Thomas Yeh is one of our successful Operating Theatre Technician graduates. Thomas was a star student and when he graduated, he was offered jobs in two separate hospitals.
Prior to commencing the Certificate III in Health Services Assistance - Operating Theatre Technician (HLT32512) at Education institute, Thomas worked in Information Technology (IT) and software management for 22 years. He was 51 when he decided to change careers. He came to one of Education Institute’s monthly information sessions and discovered he had the transferable skills and aptitude to consider a career as a theatre technician.
Thomas was kind enough to come back to Education Institute to share his strategies for employment success with us.
“My 2 weeks of practical placement was the most important component of my training. I received a wonderful foundation in class, and everything I learned in class was put into practise in the 2 week placement. I cannot stress enough the importance of giving your best during the placement,” says Thomas.
This is my advice for students who will be undergoing their practical placement. I hope these words will help you prepare for your time in the operating theatre.
1. Take Notes
I carried a notebook with me at all times. There were so many machines with cables, etc. and there were many things I hadn’t seen before. When the other technicians would tell me what the cables were for and what I needed to do with each machine, I wrote it down and studied at night to make sure I remembered.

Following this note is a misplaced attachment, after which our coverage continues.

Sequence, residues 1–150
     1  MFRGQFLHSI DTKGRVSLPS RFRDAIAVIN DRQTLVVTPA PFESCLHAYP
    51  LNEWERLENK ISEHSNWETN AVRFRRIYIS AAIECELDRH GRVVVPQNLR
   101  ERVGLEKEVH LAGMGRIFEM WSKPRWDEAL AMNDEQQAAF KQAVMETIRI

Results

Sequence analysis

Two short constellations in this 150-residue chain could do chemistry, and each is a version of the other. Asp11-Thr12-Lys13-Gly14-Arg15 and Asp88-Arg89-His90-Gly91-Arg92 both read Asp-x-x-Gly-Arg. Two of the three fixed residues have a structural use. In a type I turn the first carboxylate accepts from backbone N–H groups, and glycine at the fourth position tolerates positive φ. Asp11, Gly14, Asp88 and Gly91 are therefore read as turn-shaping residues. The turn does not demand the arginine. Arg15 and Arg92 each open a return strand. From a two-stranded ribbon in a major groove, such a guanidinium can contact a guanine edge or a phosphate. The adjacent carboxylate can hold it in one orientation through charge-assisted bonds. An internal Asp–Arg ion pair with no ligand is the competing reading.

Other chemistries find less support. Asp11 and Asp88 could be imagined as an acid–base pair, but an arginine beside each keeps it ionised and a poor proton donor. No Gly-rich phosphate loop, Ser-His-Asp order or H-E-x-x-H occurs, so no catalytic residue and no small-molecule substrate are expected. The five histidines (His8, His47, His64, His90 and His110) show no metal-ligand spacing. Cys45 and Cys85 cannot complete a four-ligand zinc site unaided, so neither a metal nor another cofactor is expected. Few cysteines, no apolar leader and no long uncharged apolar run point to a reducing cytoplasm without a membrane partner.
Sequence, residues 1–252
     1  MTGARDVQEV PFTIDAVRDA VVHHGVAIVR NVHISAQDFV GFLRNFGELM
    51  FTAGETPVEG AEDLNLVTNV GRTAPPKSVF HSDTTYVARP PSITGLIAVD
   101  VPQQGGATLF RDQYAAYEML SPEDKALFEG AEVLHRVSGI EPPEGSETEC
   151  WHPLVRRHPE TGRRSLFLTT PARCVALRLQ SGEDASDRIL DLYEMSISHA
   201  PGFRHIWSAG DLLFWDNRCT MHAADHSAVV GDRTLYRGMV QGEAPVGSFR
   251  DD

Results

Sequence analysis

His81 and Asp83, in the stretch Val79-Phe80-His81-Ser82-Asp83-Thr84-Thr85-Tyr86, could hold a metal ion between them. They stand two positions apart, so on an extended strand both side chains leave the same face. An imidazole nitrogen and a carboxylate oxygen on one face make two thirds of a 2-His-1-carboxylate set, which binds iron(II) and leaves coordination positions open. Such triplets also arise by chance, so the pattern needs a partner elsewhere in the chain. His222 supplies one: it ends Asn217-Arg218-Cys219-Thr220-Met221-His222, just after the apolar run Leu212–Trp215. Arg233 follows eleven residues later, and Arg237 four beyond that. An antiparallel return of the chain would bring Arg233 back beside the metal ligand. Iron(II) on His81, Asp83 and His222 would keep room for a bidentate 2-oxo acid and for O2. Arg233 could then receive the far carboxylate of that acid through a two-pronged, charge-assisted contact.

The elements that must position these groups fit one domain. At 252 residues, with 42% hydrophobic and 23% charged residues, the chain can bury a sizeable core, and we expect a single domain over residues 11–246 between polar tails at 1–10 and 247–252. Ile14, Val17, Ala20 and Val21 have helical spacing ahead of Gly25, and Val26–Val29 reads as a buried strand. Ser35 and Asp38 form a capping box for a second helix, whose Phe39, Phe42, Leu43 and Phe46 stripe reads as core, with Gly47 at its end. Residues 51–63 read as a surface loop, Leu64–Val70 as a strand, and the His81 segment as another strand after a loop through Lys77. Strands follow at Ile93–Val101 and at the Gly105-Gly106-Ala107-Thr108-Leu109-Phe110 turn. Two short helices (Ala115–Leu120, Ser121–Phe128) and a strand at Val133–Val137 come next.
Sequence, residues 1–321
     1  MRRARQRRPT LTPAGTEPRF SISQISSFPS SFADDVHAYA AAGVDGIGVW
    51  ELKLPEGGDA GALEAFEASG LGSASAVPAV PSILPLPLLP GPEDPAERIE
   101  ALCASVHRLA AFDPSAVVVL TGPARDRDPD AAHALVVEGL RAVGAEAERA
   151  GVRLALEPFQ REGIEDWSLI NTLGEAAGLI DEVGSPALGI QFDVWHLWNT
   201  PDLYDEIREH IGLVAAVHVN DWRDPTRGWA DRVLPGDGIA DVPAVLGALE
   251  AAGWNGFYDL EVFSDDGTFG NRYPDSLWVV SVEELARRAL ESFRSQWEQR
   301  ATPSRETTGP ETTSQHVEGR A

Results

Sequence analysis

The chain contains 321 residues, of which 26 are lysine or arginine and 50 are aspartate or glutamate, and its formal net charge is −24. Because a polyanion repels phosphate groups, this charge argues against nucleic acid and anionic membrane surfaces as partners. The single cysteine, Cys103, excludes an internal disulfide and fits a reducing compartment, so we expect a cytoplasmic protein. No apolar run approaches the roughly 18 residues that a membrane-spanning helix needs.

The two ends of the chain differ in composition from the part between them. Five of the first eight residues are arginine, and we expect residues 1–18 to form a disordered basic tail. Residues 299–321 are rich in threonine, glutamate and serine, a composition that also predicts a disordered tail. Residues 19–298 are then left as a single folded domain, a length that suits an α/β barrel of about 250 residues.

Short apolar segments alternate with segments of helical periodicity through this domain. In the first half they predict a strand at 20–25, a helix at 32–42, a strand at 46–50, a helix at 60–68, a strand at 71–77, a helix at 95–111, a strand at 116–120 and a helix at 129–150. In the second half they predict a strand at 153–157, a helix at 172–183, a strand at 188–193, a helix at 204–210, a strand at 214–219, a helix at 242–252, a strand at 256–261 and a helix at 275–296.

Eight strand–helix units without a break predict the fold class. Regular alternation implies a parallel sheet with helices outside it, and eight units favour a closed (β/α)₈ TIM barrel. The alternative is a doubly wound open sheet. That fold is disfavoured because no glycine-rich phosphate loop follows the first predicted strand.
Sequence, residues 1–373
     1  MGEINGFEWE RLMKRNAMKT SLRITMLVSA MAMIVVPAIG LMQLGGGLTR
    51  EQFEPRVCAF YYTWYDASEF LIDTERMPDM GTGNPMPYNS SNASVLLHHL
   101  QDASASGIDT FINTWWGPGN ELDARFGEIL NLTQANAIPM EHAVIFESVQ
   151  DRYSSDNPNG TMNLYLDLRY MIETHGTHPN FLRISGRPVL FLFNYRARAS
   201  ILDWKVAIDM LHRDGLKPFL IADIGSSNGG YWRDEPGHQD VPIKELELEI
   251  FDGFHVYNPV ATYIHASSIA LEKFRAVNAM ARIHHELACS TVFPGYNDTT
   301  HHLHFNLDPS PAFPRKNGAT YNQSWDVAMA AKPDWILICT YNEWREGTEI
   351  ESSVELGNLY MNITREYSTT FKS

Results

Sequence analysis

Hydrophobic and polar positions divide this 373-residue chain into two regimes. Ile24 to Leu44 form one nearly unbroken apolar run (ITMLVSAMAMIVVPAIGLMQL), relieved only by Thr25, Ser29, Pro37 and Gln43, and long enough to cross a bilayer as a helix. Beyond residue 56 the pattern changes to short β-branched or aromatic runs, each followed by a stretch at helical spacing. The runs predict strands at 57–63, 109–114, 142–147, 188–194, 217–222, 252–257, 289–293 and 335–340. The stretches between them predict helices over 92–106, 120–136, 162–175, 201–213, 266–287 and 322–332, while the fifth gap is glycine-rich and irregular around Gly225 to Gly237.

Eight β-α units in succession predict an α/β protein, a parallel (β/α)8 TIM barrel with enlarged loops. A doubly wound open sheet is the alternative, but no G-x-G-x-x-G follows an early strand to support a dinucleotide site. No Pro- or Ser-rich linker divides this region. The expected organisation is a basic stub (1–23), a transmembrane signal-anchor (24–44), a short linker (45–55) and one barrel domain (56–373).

2. Ask Questions
Do not pretend that you know. If you do not know the answer, ask. It is better to feel embarrassed by asking multiple questions than to assume, and make errors. It is life and death in the theatre.
3. Be Observant and Learn Quickly
Different technicians have different styles. Observe what they require of you. Some may want you to stand there and observe while some will want you to help them. Observe which style your mentor requires and follow.
Surgeons also have different ways of doing things as well as different preferences. Be observant to see what they tend to use e.g. They might use pillows to prop up an arm, etc. And ensure that the room is ready for them with the proper equipment and anything else that they prefer to use.
Also, try to remember which procedure requires which equipment. You have no time to scramble to find missing things during the procedure so ensure that you have everything you require at the start of the procedure. You need to observe and learn from the other technicians on how they do everything.
This is what other technicians mean when they say they need to be ‘switched on’ all the time.
4. Remember what you Learned in Class
I have been quizzed by other technicians and even the Head Technician on ‘What have you learned in class?’ or even ‘How do you position this patient?’ If I didn’t know the answer, I admitted it and I asked my mentors to tell me the right answer. Then when the technicians explained it to me, I made sure I took notes and memorised it.
Once, the Head Technician at Alfred Hospital asked me a question. I didn’t know the answer and he told me what the right answer was. I took down his response and reviewed it that night. The next day, he asked me the same question again! He wanted to see if I had remembered what he had said.